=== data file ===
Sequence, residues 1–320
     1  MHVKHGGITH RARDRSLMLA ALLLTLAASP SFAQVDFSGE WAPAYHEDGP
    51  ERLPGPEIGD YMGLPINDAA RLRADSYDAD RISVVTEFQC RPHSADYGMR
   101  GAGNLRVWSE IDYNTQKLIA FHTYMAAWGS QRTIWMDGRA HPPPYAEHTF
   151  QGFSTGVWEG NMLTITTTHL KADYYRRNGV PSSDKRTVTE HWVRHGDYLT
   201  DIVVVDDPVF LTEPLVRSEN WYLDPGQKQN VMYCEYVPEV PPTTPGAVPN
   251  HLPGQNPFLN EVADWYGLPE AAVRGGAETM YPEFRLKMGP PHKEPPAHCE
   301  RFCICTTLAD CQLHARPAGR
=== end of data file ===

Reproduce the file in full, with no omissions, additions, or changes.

Sequence, residues 1–320
     1  MHVKHGGITH RARDRSLMLA ALLLTLAASP SFAQVDFSGE WAPAYHEDGP
    51  ERLPGPEIGD YMGLPINDAA RLRADSYDAD RISVVTEFQC RPHSADYGMR
   101  GAGNLRVWSE IDYNTQKLIA FHTYMAAWGS QRTIWMDGRA HPPPYAEHTF
   151  QGFSTGVWEG NMLTITTTHL KADYYRRNGV PSSDKRTVTE HWVRHGDYLT
   201  DIVVVDDPVF LTEPLVRSEN WYLDPGQKQN VMYCEYVPEV PPTTPGAVPN
   251  HLPGQNPFLN EVADWYGLPE AAVRGGAETM YPEFRLKMGP PHKEPPAHCE
   301  RFCICTTLAD CQLHARPAGR